Often misunderstood as a slightly stuffy, almost archaic profession, in reality archivists remain the most highly trusted employees working in the public service because of their role preserving often highly sensitive documents.

And with good reason.

Cabinet papers, minutes of pivotal meetings and communications and correspondence that later define an era all pass through their hands.

But it’s not the paper world that’s creating a stir at the International Council of Archivists Congress 2012. It’s preserving Twitter, Facebook, YouTube and the exploding stream of social media traffic and digital documents through which an increasing number of governments are communicating to their constituents.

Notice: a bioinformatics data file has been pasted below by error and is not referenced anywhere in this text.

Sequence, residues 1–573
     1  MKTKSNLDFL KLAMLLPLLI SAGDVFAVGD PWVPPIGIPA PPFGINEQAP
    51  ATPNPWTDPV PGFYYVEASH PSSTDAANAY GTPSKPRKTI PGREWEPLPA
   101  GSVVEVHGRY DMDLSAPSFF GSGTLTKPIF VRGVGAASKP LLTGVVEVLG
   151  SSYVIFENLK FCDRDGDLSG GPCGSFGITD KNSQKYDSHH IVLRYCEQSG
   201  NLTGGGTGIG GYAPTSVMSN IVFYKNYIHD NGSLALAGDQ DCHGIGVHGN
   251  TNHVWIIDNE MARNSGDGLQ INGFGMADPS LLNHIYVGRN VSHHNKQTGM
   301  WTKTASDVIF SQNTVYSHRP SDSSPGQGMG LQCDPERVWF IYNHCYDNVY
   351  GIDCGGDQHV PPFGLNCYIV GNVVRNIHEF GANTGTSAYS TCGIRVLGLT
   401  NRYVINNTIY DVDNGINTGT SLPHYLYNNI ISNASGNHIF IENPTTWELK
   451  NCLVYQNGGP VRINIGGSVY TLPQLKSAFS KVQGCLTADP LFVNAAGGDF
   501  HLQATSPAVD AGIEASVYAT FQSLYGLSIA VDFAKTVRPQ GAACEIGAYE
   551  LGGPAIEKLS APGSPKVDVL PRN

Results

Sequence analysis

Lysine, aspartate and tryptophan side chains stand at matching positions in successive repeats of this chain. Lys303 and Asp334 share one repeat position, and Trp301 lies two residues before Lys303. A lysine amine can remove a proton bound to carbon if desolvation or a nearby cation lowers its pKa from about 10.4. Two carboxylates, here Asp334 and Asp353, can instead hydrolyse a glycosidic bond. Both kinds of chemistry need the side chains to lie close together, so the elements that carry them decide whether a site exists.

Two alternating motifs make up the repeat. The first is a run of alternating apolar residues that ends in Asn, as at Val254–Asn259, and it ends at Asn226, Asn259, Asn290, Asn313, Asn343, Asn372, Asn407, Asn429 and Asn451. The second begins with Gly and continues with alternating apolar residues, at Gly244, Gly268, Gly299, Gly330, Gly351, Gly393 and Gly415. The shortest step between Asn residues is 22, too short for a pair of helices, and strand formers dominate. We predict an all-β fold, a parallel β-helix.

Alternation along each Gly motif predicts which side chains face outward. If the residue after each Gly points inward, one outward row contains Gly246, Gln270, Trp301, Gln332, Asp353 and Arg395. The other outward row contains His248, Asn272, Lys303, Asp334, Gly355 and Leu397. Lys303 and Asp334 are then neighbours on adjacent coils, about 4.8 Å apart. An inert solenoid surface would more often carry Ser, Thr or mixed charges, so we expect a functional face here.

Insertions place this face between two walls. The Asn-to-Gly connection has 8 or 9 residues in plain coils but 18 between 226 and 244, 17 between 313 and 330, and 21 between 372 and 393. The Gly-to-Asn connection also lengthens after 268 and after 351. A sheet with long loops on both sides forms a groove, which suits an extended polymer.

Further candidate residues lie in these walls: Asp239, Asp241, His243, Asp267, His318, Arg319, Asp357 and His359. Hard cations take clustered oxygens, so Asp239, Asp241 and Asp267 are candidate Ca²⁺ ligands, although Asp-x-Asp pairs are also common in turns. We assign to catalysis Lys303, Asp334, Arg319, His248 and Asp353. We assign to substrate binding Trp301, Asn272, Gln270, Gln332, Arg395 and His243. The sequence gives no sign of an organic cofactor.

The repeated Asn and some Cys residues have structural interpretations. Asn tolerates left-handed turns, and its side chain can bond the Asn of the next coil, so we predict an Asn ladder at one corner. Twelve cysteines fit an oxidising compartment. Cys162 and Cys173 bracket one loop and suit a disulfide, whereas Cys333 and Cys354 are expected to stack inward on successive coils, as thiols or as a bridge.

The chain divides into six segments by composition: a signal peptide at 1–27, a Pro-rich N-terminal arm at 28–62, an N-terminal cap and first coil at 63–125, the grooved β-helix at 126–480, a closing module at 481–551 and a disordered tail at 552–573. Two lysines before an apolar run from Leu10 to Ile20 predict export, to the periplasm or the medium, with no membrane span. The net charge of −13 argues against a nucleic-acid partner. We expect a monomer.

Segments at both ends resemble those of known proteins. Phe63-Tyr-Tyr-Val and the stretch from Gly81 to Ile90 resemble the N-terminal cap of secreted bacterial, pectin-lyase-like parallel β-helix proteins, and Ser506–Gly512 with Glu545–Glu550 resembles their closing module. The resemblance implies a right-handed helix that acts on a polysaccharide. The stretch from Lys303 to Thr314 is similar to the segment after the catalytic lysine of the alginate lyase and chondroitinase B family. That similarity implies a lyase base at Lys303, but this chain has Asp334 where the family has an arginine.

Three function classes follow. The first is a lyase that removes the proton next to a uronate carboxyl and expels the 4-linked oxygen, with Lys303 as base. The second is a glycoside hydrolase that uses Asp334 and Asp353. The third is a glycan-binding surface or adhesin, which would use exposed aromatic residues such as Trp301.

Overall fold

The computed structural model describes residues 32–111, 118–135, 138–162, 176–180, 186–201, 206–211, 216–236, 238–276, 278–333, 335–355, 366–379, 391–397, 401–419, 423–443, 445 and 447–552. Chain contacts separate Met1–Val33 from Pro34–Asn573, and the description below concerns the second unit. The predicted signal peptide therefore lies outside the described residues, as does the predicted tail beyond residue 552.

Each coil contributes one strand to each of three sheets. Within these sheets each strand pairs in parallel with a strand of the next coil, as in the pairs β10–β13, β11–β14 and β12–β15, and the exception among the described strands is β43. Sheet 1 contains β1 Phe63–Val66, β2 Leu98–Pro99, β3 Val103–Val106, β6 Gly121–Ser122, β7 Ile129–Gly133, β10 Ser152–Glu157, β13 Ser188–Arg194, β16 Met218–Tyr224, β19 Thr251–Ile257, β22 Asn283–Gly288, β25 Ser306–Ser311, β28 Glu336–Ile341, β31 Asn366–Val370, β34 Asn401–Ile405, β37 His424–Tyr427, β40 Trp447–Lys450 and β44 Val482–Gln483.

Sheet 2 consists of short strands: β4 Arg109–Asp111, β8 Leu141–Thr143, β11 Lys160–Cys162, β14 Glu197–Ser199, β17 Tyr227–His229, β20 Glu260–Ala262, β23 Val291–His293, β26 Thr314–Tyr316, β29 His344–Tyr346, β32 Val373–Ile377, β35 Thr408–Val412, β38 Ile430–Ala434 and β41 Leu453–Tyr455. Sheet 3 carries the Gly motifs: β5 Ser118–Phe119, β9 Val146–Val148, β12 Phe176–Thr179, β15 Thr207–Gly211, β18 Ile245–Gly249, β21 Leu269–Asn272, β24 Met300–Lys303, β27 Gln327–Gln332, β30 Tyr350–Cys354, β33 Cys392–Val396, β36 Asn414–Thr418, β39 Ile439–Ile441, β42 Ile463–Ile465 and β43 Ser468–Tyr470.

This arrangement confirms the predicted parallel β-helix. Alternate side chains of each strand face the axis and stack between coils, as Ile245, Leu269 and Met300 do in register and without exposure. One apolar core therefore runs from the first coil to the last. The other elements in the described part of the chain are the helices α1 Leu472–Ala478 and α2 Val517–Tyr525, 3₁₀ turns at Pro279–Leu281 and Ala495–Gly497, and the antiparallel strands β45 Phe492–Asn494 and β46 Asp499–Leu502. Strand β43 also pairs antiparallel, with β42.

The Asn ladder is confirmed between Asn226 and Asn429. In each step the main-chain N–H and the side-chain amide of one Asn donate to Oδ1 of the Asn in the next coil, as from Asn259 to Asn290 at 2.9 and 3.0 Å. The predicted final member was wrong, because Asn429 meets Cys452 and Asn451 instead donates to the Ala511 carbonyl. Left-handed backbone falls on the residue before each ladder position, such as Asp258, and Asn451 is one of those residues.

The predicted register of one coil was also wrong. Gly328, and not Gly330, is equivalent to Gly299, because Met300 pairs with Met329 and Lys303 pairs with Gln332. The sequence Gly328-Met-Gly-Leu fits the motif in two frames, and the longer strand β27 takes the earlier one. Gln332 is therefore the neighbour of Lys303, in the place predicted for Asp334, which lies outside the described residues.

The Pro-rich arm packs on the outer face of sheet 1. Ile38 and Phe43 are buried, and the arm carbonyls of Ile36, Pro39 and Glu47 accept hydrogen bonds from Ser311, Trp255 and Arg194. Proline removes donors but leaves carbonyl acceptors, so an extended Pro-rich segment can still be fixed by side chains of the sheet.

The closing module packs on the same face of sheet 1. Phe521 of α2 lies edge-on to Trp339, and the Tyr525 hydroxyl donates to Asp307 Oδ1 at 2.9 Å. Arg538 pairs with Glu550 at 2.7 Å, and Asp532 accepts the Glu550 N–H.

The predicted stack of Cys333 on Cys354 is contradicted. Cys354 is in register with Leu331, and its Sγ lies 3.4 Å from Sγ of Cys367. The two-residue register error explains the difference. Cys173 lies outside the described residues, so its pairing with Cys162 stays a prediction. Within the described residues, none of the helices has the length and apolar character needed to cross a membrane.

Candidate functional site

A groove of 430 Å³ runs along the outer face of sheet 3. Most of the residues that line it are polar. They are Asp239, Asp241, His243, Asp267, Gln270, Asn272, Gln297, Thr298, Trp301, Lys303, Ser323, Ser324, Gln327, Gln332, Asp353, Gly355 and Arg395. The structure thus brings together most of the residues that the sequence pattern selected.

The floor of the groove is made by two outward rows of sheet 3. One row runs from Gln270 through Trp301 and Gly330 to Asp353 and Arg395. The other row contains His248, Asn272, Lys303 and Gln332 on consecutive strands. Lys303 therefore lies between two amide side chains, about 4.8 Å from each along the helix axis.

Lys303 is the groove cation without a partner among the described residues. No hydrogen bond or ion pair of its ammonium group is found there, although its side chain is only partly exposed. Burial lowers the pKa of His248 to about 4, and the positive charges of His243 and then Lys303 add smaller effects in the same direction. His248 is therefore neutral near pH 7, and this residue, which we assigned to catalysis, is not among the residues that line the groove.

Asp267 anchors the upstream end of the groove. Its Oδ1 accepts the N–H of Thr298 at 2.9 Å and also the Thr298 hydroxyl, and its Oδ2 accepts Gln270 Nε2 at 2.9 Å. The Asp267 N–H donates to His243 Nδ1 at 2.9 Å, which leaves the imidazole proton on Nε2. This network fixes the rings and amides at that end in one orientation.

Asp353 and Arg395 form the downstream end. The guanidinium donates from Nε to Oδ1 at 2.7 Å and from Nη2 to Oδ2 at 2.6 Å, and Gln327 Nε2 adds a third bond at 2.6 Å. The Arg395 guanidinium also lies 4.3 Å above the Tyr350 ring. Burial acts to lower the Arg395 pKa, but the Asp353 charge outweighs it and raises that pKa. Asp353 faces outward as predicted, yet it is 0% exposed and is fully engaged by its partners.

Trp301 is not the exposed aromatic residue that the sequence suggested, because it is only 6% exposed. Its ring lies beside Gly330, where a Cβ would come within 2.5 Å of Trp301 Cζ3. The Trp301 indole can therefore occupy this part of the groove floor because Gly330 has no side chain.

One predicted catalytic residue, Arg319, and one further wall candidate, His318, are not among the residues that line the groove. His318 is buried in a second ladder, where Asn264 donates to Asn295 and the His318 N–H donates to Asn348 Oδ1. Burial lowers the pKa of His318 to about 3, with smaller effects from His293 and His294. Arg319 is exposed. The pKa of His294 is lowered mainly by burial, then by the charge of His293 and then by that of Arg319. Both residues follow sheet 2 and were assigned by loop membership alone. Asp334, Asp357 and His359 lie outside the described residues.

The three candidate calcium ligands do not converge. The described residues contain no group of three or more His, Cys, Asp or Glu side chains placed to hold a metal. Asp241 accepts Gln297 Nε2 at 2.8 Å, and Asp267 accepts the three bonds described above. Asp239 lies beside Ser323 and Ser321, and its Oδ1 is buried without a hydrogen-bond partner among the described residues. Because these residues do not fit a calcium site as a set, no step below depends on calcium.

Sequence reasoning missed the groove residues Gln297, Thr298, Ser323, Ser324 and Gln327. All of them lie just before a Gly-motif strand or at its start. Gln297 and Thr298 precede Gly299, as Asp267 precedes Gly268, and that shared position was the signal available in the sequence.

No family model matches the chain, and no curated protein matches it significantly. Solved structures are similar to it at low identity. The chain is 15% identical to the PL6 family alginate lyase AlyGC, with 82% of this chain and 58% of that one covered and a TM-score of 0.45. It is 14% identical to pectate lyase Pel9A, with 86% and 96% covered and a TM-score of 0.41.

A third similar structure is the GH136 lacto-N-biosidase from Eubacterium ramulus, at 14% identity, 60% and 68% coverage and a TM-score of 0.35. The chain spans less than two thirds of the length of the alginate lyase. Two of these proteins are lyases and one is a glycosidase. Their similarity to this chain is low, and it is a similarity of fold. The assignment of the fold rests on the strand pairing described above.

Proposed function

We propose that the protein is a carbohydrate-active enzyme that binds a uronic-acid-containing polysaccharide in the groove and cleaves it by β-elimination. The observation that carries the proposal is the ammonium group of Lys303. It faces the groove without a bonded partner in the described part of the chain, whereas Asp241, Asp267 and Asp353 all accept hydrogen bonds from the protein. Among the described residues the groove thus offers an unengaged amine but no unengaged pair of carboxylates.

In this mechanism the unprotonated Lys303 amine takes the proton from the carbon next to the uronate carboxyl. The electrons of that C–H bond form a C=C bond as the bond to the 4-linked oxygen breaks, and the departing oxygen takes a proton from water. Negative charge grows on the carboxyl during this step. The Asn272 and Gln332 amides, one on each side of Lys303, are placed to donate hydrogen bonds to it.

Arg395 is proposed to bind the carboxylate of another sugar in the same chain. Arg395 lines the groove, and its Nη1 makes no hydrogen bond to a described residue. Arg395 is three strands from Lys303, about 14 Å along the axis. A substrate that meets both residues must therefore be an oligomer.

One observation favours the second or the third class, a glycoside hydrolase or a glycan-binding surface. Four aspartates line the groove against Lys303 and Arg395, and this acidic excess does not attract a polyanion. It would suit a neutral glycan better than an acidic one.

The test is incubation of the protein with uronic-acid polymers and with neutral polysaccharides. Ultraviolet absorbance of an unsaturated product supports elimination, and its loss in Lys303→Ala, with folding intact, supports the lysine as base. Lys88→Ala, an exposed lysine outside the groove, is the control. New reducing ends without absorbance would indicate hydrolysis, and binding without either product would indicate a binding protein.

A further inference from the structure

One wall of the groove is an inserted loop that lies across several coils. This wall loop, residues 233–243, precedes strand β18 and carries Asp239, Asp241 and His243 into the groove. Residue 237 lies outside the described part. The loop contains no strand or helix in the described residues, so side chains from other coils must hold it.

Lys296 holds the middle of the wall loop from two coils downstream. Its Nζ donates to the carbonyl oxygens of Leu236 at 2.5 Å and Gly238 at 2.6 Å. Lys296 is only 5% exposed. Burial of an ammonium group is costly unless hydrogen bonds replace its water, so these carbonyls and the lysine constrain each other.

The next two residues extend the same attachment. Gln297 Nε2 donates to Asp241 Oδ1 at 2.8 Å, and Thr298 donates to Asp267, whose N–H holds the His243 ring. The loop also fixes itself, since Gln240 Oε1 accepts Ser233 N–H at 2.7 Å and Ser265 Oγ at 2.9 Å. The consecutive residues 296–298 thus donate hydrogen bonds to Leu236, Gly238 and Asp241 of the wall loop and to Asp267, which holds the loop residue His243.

Karen du Toit's insight:

Archivists new role: focus on social media!

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Thriving in the Age of Empowered End Users: A Panel Discussion at SLA

by Cindy Shamel :

"As librarians and information professionals, we have an excellent track record for adapting to the ever-changing industry landscape. Despite ongoing discussions of obsolescence, the profession carries on. With the advent of microfilm in the 1930s, one college library committee posited that the book would become as obsolete as the horse and buggy. We adapted by becoming experts in microfilm technology and the opportunities it offered. Librarians sounded the alarm in the 1960s when the telephone came to the reference desk, concerned that users would simply call in their questions and never come to the library again. People still came to libraries, and info pros adapted by increasing levels of services so that now we include phone, email, online chat, and text messages.